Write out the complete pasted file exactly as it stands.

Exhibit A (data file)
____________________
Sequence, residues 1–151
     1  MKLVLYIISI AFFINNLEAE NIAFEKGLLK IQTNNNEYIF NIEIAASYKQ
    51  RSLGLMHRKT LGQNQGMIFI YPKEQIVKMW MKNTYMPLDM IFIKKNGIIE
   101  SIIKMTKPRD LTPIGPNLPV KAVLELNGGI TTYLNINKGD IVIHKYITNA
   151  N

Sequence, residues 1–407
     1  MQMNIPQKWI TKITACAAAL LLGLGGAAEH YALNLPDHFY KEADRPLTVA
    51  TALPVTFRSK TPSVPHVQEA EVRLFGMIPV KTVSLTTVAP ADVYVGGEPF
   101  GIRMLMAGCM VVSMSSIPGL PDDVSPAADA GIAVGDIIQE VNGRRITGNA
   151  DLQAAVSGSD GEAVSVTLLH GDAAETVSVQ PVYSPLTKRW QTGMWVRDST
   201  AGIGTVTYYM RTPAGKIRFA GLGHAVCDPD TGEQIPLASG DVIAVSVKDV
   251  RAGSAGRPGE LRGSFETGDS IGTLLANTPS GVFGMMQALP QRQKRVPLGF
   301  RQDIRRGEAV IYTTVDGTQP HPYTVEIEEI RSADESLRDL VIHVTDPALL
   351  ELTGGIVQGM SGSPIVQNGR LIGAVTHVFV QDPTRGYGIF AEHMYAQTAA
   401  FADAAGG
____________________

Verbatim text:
Sequence, residues 1–151
     1  MKLVLYIISI AFFINNLEAE NIAFEKGLLK IQTNNNEYIF NIEIAASYKQ
    51  RSLGLMHRKT LGQNQGMIFI YPKEQIVKMW MKNTYMPLDM IFIKKNGIIE
   101  SIIKMTKPRD LTPIGPNLPV KAVLELNGGI TTYLNINKGD IVIHKYITNA
   151  N

Sequence, residues 1–407
     1  MQMNIPQKWI TKITACAAAL LLGLGGAAEH YALNLPDHFY KEADRPLTVA
    51  TALPVTFRSK TPSVPHVQEA EVRLFGMIPV KTVSLTTVAP ADVYVGGEPF
   101  GIRMLMAGCM VVSMSSIPGL PDDVSPAADA GIAVGDIIQE VNGRRITGNA
   151  DLQAAVSGSD GEAVSVTLLH GDAAETVSVQ PVYSPLTKRW QTGMWVRDST
   201  AGIGTVTYYM RTPAGKIRFA GLGHAVCDPD TGEQIPLASG DVIAVSVKDV
   251  RAGSAGRPGE LRGSFETGDS IGTLLANTPS GVFGMMQALP QRQKRVPLGF
   301  RQDIRRGEAV IYTTVDGTQP HPYTVEIEEI RSADESLRDL VIHVTDPALL
   351  ELTGGIVQGM SGSPIVQNGR LIGAVTHVFV QDPTRGYGIF AEHMYAQTAA
   401  FADAAGG